Inside the Amazon Go Store: Is This The Future of Shopping?
There is a reason Amazon’s CEO, Jeff Bezos, is the current wealthiest man and his company is worth over $1 trillion. He thrives on innovation. Amazon Go is his latest innovation and it is going to completely change how we do shopping in the future.
London has opened its first store in Ealing Broadway on March 4th and marks the start of Amazon's assault onto the British high street with more stores planned to open. Staffless, shoplifting proof, cashless shopping, has arrived!
The project leverages several technologies including machine learning, computer vision, and sensor fusion to solve every customer’s nightmare. Dealing with an unending queue at the checkout. Shoppers walk into the Amazon Go stores, grab what they want and, just walk out.
Amazon first tested the concept with a cashier-less convenience store in 2018 and fast forward to 2020, they have diversified their portfolio with 26 more stores distributed in four cities including Seattle, New York, San Francisco, and Chicago.
Shoppers use their Amazon Go app to gain access to the store, and after that, everything they pick from the shop will be added to a virtual cart. If they change their minds about the item, all they need to do is put it back on the shelf and it will get removed from the cart.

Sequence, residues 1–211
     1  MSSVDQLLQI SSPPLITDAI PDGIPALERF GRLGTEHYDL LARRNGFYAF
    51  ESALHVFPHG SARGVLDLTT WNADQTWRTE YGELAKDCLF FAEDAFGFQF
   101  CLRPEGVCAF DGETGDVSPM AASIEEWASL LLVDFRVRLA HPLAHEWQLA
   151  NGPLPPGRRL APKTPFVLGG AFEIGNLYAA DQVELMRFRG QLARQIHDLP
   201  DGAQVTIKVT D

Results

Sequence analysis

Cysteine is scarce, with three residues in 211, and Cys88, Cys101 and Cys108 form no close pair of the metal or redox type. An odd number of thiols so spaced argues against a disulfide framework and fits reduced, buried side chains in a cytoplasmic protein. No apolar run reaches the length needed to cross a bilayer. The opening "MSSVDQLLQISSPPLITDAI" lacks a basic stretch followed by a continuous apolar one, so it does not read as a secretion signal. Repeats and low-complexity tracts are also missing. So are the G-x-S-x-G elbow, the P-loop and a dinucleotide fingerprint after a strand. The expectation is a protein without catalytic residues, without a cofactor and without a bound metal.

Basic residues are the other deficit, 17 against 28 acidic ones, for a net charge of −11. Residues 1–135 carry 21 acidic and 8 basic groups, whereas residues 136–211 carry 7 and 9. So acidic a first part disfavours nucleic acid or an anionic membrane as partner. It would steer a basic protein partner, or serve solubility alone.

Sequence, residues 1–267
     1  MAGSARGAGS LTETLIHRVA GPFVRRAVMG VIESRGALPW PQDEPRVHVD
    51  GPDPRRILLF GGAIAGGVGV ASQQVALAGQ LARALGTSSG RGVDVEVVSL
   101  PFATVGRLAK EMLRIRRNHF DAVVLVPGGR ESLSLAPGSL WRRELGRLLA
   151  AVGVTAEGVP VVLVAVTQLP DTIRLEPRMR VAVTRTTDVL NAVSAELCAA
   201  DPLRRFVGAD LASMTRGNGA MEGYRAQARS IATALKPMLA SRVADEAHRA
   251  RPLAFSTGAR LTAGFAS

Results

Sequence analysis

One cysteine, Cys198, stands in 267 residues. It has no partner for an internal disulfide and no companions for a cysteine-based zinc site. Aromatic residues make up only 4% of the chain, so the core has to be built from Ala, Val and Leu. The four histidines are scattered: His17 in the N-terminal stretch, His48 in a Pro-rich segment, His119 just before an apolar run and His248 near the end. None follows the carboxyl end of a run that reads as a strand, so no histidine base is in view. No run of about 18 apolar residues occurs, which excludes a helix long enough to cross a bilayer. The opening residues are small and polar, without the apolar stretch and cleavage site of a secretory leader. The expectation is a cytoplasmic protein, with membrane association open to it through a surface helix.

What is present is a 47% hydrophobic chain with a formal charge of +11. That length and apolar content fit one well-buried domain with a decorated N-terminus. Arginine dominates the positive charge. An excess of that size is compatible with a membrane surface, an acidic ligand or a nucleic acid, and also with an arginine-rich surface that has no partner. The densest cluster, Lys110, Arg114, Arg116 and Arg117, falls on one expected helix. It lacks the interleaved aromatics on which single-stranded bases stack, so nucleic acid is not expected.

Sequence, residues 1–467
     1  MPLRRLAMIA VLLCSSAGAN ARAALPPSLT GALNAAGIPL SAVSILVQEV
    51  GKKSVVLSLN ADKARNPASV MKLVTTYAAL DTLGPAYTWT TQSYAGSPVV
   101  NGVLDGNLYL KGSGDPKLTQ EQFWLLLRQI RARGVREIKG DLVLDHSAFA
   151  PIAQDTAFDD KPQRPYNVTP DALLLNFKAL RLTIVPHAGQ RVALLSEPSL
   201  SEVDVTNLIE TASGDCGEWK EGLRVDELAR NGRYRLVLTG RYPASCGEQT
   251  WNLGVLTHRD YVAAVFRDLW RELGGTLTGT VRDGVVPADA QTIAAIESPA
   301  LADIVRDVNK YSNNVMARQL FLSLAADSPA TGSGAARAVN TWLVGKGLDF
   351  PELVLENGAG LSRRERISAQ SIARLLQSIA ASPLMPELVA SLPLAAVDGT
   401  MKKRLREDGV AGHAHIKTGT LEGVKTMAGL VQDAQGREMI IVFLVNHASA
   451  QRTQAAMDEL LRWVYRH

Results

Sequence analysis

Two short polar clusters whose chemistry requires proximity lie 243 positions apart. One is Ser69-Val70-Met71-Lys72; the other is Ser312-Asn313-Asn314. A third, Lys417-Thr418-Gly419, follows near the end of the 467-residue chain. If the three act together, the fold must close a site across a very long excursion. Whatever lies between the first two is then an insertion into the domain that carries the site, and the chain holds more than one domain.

The app adds up the purchases made after a customer leaves the store and then charges their Amazon account.
If that’s not the future, then I don’t know what is.
Innovations usually come at a cost
The biggest resistance to the launch of Amazon Go has been its implications on the job market. As more retail and service companies start automating cashier duties, it’s a matter of when not if, over 3.5 million people working in this sector will be affected.
However, Amazon has already shown us how this is not a bad thing.
Instead of laying off the employees after automating their jobs, Amazon assigned them new work in other areas like product and program management where machines would not be as effective.
So, instead of being stuck at the counter doing boring and repetitive tasks, the workers were now be involved in other meaningful roles like product development. And then when Amazon finally reaches a $2 trillion valuation you will hear people wondering how they did it.
By doing away with checkouts, Amazon has set a standard that will shape how existing and future brick and mortar retail shops operate.
Oh, and the next time someone argues against Amazon Go and similar services because of the potential unemployment they could cause, remind them that at some point there were attendants at gas stations.